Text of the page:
New Penalties for Employing Illegal Workers

New Penalties for Employing Illegal Workers

If you are an employer it is vital that you are aware of changes in the rules for employing foreign workers (other than from the EU) who have immigrated into the UK.  The requirements changed with effect from 29 February 2008.  New criminal and civil penalties have been brought in by the Asylum and Nationality Asct 2006 (the “Act”).  The background is that the changes are part of the Government’s new approach to tackling illegal immigration using a points based system (“PBS”).

Section 15 of the Act introduces a new system of civil penalties so that the maximum civil penalty for each illegal worker hired will be £10,000.  Fines will be applied on a sliding scale depending upon the type and quantity of checks carried out by the employer before taking on the immigrant employee.

The Act enables an employer to establish a defence by checking and copying various documents that the employee has to produce.

Guidance is given by a code of practice which lists the types of documentation to be checked.

The penalties will be operated by the Border and Immigration Agency (“BIA”) and there is a right of appeal to the Courts if an employer believes that a penalty imposed is unfair.

The difference between the existing legislation and the new Act is that not only does the eligibility of the foreign worker have to be checked before employment but there is now an ongoing responsibility to check an ongoing entitlement to work in the UK.  There must be a system of checks at 12 month intervals at least.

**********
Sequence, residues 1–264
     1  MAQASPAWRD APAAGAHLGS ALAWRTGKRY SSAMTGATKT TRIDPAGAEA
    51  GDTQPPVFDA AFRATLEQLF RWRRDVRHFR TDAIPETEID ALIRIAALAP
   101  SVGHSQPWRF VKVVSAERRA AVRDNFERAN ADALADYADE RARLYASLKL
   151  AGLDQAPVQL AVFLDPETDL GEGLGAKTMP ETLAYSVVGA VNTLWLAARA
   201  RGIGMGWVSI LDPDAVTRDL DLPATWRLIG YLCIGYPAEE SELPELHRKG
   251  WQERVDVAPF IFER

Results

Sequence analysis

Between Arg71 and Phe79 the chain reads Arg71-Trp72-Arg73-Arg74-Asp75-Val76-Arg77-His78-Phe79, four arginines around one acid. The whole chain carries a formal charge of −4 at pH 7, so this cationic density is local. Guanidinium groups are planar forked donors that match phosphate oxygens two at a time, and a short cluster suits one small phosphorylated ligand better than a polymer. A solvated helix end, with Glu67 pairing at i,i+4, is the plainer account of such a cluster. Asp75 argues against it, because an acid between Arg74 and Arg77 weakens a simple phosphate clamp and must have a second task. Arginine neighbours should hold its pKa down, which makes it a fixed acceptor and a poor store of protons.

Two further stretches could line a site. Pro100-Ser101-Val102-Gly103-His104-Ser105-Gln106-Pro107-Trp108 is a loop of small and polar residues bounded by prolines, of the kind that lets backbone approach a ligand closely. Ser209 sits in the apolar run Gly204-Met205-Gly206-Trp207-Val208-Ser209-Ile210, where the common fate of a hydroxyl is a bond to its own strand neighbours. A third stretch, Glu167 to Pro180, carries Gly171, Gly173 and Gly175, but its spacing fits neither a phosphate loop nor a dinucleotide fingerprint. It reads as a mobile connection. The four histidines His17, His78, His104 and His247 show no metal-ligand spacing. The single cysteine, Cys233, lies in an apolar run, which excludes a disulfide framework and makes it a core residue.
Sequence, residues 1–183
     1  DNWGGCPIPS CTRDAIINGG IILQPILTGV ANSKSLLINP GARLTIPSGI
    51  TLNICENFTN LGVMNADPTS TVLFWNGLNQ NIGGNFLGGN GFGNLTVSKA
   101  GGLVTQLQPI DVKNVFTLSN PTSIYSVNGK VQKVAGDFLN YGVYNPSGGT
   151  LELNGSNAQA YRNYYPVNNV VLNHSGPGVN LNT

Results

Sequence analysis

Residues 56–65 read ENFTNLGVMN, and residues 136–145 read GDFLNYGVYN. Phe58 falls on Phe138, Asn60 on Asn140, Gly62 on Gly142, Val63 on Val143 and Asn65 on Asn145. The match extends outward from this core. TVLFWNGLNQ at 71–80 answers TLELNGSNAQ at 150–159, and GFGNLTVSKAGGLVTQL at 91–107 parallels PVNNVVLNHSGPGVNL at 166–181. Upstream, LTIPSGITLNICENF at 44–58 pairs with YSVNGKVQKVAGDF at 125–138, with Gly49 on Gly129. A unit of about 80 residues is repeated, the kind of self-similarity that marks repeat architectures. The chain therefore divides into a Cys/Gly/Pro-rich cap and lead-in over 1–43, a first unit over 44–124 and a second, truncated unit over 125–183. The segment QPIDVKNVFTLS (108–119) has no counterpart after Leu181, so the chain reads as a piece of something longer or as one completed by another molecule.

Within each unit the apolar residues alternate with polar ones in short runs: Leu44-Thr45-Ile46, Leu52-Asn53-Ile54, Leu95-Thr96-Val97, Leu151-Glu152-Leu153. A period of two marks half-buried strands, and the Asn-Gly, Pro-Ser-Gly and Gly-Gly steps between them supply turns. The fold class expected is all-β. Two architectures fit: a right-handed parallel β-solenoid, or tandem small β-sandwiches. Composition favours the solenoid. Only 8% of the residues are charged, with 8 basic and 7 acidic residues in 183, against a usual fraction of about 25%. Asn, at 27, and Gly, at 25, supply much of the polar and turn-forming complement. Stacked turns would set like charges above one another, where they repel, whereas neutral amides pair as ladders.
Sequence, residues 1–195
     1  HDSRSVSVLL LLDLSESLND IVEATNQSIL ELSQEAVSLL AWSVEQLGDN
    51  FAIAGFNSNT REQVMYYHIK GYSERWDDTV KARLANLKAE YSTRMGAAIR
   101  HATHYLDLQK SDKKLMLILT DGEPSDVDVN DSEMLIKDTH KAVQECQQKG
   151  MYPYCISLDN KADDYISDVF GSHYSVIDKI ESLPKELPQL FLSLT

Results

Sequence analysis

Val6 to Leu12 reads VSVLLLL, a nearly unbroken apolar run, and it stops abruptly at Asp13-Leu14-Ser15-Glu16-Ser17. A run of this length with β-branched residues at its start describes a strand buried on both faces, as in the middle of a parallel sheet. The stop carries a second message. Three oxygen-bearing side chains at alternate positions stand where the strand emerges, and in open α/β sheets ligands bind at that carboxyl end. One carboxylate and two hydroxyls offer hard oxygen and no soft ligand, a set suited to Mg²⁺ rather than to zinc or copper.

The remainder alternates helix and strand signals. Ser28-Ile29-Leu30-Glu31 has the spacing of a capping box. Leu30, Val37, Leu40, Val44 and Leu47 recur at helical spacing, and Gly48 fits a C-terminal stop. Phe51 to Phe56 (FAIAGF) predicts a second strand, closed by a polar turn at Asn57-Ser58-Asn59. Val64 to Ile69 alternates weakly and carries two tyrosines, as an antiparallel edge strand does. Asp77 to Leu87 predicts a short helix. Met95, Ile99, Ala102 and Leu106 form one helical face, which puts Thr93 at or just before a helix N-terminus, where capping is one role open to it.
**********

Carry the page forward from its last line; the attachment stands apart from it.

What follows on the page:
The UK Borders Act 2007 (the “2007 Act”) will bring in biometric identity cards for foreign nationals who are living in the UK for 6 months or more.  In time, once the ID cards are in place, it is envisaged that the requirements to check other documentation will be phased out.

The bottom line is that a defaulting employer may be imprisoned for up to 2 years and given an unlimited fine.

Under the points system there is also a system of sponsorship of migrant workers by employers.  It is necessary to be licensed for this purpose.

In the same way that solicitors and other professionals are now being used by the Government as reporting agents in cases where money laundering is suspected now employers who are sponsors will be saddled with reporting duties, for example if an employee is absent from work for more than 10 working days without permission.

Although the BIA argues that the changes will not significantly alter employers responsibilities in this field there is concern that in fact the burden upon employers of foreign migrant workers will increase.   The sop here is that the Government has agreed to review the effect of the changes in 12 months time.

Readers may be aware of the caution “buyers beware”. This new legislation emphasises the need for employers to beware.

For advice and assistance on Employment Law please contact Patrick Nelson (Associate) at Stafford on 01785 211411

07 March 2008


The contents of this article are for the purposes of general awareness only. They do not purport to constitute legal or professional advice. The law may have changed since this article was published. Readers should not act on the basis of the information included and should take appropriate professional advice upon their own particular circumstances. (50587)